United States District Court, S.D. Ohio, Eastern Division
Vascura, Magistrate Judge
OPINION & ORDER
ALGENON L. MARBLEY, UNITED STATES DISTRICT JUDGE
matter is before the Court on Plaintiff Kit Check, Inc.'s
(“KCI”) Motion to Strike Insufficient Defenses
from the Answer of Defendant Health Care Logistics
(“HCL”). (ECF No. 11). For the reasons that
follow, the Court GRANTS KCI's Motion to
Strike HCL's Affirmative Defenses. (ECF No. 11). In
particular, the Court STRIKES WITHOUT
PREJUDICE HCL's affirmative defenses four,
eight, twelve, sixteen, twenty, twenty-four, and
the holder of seven patents relevant to this civil action,
including U.S. Patent No. 8, 990, 099 (the “‘099
patent”); 9, 037, 479 (the “'479
patent”); 9, 058, 412 (the “‘412
patent”); 9, 058, 413 (the “‘413
patent”); 9, 367, 665 (the “‘665
patent”); 9, 734, 294 (the “‘294
patent”); and 9, 805, 169 (the “‘169
patent”). (ECF No. 1). KCI claims, among other things,
that HCL has infringed the aforementioned patents. (ECF No. 1
at 2). KCI filed its Complaint on December 1, 2017 requesting
“(i) declaratory relief confirming that KCI is the
owner of the trade secrets and intellectual property
concerning the KCI Product; (ii) injunctive relief ordering
HCL to cease its intentional, wrongful, and unfair use of
KCI's trade secrets, and its infringement of KCI's
patents, in order to compete with KCI's business; and
(iii) monetary relief compensating KCI for the economic harm
caused by HCL's unlawful actions.” (ECF No. 1).
answered KCI's complaint on January 2, 2018. (ECF No. 6).
On January 19, 2018, KCI moved to strike seven of HCL's
affirmative defenses. (ECF No. 11). On February 9, 2018, HCL
filed its First-Amended Answer, Affirmative Defenses, and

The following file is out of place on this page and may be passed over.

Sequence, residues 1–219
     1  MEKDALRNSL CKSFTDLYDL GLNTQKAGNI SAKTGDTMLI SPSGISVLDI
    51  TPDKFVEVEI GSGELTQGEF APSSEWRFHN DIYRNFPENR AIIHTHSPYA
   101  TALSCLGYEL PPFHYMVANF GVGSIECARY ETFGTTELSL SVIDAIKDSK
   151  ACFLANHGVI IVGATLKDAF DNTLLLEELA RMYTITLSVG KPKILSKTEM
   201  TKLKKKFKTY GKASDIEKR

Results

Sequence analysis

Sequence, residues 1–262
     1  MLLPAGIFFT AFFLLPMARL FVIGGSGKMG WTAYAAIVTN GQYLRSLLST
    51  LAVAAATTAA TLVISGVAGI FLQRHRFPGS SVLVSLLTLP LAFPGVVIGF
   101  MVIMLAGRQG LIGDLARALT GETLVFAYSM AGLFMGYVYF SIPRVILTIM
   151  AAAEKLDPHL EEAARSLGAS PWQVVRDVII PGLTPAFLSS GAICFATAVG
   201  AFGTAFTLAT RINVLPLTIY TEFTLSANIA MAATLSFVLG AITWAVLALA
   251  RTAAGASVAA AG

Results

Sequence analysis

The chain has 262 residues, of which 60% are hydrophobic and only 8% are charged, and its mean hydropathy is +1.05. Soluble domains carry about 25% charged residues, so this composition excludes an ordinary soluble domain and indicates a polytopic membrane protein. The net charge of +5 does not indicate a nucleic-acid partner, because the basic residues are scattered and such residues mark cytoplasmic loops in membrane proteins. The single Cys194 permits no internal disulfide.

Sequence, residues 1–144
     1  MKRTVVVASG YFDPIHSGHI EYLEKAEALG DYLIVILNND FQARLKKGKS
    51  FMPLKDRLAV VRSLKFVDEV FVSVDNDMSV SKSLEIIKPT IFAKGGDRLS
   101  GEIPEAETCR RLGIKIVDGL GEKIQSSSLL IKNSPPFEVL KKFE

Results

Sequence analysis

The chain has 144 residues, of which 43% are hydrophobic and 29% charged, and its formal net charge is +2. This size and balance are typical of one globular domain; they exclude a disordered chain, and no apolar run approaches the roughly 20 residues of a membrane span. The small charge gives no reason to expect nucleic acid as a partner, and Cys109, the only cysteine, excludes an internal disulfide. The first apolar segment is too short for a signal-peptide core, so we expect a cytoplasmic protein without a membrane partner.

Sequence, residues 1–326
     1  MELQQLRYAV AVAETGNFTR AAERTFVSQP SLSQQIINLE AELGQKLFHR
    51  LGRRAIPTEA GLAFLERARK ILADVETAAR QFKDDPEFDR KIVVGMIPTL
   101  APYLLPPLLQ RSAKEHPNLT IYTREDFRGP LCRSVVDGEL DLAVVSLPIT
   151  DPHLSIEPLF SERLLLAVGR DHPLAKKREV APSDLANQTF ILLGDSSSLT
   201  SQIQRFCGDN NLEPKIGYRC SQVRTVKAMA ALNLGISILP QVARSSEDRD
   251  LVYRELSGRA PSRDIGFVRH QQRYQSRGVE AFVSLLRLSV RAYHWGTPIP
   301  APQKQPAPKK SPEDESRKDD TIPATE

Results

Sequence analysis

Counterclaims to Plaintiff's Complaint
(“First-Amended Answer”) (ECF No. 18), as well as
a memorandum in opposition to KCI's motion to strike.
(ECF No. 19). The affirmative defenses that KCI seeks to
strike were set out identically in both HCL's initial
pleading and in its First-Amended Answer. KCI filed a reply
to HCL's memorandum in opposition on February 21, 2018.
(ECF No. 21). KCI's motion to strike, (ECF No. 11), is
ripe for review.
STANDARD OF REVIEW
Motion to Strike
Court, upon motion or on its own, “may strike from a
pleading an insufficient defense or any redundant,
immaterial, impertinent, or scandalous matter.”
Fed.R.Civ.P. 12(f). Motions to strike are entrusted to the
“sound discretion of the trial court, but are generally
disfavored.” Yates-Mattingly v. University of
Cincinnati, No. 1:11-cv-753, 2013 WL 526427, at *1 (S.D.
Ohio Feb. 11, 2013). Indeed, “[s]triking pleadings is
considered a drastic remedy to be used sparingly and only
when the purposes of justice so require.” Id.
(citing Brown & Williamson Tobacco Corp. v. United
States, 201 F.2d 819, 822 (6th Cir. 1953)). The Court
should not grant a motion to strike if “the
insufficiency of the defense is not clearly apparent, or if
it raises factual issues that should be determined on a
hearing on the merits.” Joe Hand Promotions, Inc.
v. Havens, 2:13-cv-0093, 2013 WL 3876176, at *1 (S.D.
Ohio July 26, 2013) (internal quotation omitted). On the
other hand, “motions to strike ‘serve a useful
purpose by eliminating insufficient defenses and saving the
time and expense which would otherwise be spent in litigating
issues which would not affect the outcome of the
case.'” Id. (internal quotations omitted).
conduct is an equitable defense to patent infringement that,